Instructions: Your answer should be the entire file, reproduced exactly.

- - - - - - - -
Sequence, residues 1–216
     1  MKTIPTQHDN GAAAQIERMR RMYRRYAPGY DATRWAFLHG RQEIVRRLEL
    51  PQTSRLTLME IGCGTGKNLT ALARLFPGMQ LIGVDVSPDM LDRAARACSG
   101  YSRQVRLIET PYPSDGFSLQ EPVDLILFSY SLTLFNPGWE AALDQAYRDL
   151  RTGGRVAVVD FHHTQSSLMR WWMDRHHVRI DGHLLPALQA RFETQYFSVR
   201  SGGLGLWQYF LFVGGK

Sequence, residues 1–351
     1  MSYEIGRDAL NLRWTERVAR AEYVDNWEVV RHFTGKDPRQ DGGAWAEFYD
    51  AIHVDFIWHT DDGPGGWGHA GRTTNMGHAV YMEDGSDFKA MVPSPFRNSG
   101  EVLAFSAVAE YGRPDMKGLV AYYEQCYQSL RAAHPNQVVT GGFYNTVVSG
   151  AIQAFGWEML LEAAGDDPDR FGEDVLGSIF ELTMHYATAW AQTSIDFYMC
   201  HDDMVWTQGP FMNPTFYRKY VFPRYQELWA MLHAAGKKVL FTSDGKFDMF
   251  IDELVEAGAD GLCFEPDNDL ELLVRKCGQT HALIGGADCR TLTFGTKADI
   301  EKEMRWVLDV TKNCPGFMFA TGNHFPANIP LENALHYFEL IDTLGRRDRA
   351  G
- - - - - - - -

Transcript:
Sequence, residues 1–216
     1  MKTIPTQHDN GAAAQIERMR RMYRRYAPGY DATRWAFLHG RQEIVRRLEL
    51  PQTSRLTLME IGCGTGKNLT ALARLFPGMQ LIGVDVSPDM LDRAARACSG
   101  YSRQVRLIET PYPSDGFSLQ EPVDLILFSY SLTLFNPGWE AALDQAYRDL
   151  RTGGRVAVVD FHHTQSSLMR WWMDRHHVRI DGHLLPALQA RFETQYFSVR
   201  SGGLGLWQYF LFVGGK

Sequence, residues 1–351
     1  MSYEIGRDAL NLRWTERVAR AEYVDNWEVV RHFTGKDPRQ DGGAWAEFYD
    51  AIHVDFIWHT DDGPGGWGHA GRTTNMGHAV YMEDGSDFKA MVPSPFRNSG
   101  EVLAFSAVAE YGRPDMKGLV AYYEQCYQSL RAAHPNQVVT GGFYNTVVSG
   151  AIQAFGWEML LEAAGDDPDR FGEDVLGSIF ELTMHYATAW AQTSIDFYMC
   201  HDDMVWTQGP FMNPTFYRKY VFPRYQELWA MLHAAGKKVL FTSDGKFDMF
   251  IDELVEAGAD GLCFEPDNDL ELLVRKCGQT HALIGGADCR TLTFGTKADI
   301  EKEMRWVLDV TKNCPGFMFA TGNHFPANIP LENALHYFEL IDTLGRRDRA
   351  G